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Zimbabwe: is tourism back on track?
The problems experienced in Zimbabwe over the last decade, with Mugabe’s brutal attacks on political opponents and food and fuel shortages, wreaked havoc on the country’s tourist industry. Most European and Commonwealth tourists wisely chose safer African destinations for their wildlife and safari holidays.
Now it appears that British tour operators, safari specialists and travel agents are beginning to re-engage with Zimbabwe, reports the Daily Telegraph. W&O Travel and Aardvark Safaris have recently announced programmes and tours for 2011 and more operators are expected to follow suit. The hype is that the new coalition government is supposedly taking the country into a new era of prosperity and freedom.
But is Zimbabwe really ready to receive European visitors? Whilst it’s true that the infrastructure of this once prosperous country has deteriorated over the past 10 years, it is still no worse than in most other African countries, and experienced travellers claim there is nowhere friendlier or more beautiful in Africa. It boasts the majestic Victoria Falls, magnificent wildlife and the medieval ruins of the Great Zimbabwe, and tourists are unlikely to experience any danger.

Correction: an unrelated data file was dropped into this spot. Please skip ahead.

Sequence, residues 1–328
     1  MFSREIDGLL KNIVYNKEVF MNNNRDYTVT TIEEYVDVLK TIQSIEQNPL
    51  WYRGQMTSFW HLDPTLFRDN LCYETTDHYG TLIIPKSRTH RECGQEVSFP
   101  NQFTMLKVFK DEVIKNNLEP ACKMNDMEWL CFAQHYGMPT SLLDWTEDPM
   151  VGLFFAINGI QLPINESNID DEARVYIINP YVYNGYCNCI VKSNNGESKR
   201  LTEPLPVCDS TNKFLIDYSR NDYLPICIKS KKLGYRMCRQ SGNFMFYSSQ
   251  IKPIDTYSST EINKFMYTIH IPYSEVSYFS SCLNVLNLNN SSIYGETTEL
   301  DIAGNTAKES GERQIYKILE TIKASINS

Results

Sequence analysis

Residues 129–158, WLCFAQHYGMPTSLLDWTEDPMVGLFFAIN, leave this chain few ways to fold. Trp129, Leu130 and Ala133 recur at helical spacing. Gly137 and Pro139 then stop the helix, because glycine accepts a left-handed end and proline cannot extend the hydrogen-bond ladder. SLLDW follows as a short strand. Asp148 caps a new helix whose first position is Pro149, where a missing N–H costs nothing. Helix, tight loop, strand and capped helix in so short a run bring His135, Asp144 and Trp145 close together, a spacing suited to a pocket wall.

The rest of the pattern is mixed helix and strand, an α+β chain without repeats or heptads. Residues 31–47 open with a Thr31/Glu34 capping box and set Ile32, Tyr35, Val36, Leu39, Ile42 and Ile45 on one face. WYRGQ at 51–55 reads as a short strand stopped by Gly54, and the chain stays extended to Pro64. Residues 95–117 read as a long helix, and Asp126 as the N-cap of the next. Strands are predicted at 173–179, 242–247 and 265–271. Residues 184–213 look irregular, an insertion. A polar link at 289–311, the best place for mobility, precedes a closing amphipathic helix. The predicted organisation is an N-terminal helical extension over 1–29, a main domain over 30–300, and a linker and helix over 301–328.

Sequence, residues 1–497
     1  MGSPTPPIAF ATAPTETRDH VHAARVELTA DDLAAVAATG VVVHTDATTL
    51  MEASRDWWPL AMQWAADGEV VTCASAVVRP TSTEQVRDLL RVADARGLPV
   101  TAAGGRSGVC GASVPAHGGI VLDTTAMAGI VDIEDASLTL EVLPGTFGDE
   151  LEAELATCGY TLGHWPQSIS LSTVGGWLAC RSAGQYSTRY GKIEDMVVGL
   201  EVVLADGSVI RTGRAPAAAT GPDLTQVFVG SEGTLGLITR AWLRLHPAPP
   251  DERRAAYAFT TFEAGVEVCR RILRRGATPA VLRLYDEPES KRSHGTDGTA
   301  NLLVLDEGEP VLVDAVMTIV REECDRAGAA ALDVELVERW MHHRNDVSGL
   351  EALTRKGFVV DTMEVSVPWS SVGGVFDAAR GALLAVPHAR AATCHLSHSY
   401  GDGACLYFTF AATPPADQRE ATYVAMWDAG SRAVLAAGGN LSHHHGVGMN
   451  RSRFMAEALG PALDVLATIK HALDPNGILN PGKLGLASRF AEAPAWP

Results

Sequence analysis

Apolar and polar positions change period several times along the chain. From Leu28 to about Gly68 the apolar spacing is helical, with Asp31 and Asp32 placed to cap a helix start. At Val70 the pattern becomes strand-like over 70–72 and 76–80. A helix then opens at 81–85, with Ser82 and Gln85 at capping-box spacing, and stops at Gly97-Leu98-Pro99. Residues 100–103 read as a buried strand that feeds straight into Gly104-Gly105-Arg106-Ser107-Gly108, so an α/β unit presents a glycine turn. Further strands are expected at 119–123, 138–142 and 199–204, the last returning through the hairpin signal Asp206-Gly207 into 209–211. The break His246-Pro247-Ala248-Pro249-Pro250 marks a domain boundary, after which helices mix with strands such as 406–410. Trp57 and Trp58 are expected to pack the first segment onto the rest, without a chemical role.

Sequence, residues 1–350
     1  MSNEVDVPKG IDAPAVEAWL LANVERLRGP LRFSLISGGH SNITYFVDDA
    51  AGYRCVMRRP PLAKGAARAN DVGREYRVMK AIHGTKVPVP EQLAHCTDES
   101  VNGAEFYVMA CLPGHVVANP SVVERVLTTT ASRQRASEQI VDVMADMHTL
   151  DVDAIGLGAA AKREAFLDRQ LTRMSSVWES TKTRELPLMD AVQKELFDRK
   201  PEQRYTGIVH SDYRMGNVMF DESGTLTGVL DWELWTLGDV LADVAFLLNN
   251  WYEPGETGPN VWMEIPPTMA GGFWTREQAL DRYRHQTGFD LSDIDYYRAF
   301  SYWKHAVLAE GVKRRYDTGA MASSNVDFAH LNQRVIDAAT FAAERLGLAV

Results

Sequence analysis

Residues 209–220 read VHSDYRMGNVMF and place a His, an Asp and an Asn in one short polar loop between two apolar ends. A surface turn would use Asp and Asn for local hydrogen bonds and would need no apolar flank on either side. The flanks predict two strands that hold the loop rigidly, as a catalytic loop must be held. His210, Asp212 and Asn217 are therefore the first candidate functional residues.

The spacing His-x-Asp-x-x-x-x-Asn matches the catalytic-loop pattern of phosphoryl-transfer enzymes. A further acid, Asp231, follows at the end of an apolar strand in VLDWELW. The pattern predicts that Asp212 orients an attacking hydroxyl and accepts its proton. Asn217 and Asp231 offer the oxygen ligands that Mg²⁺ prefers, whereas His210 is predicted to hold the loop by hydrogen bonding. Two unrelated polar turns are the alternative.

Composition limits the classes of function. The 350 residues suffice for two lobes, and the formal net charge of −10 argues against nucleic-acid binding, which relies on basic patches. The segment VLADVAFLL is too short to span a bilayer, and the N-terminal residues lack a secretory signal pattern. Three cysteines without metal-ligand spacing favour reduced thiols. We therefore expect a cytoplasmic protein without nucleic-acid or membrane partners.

With the Zimbabwe dollar abolished, the economy is more stable and food shortages have ended. There is good reason for the tourist operators to put Zimbabwe back on its books. If you visit this wonderful African country, struggling to survive after years of political oppression, you will see largely unspoilt wilderness and meet wonderful people.